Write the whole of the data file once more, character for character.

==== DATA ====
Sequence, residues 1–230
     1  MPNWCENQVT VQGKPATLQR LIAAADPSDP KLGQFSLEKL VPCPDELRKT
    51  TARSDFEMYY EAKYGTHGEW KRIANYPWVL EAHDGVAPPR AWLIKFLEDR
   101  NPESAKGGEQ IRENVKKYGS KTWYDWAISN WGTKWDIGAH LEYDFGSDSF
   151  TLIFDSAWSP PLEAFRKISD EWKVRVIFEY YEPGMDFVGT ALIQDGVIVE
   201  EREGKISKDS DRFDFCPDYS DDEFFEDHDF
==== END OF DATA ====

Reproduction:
Sequence, residues 1–230
     1  MPNWCENQVT VQGKPATLQR LIAAADPSDP KLGQFSLEKL VPCPDELRKT
    51  TARSDFEMYY EAKYGTHGEW KRIANYPWVL EAHDGVAPPR AWLIKFLEDR
   101  NPESAKGGEQ IRENVKKYGS KTWYDWAISN WGTKWDIGAH LEYDFGSDSF
   151  TLIFDSAWSP PLEAFRKISD EWKVRVIFEY YEPGMDFVGT ALIQDGVIVE
   201  EREGKISKDS DRFDFCPDYS DDEFFEDHDF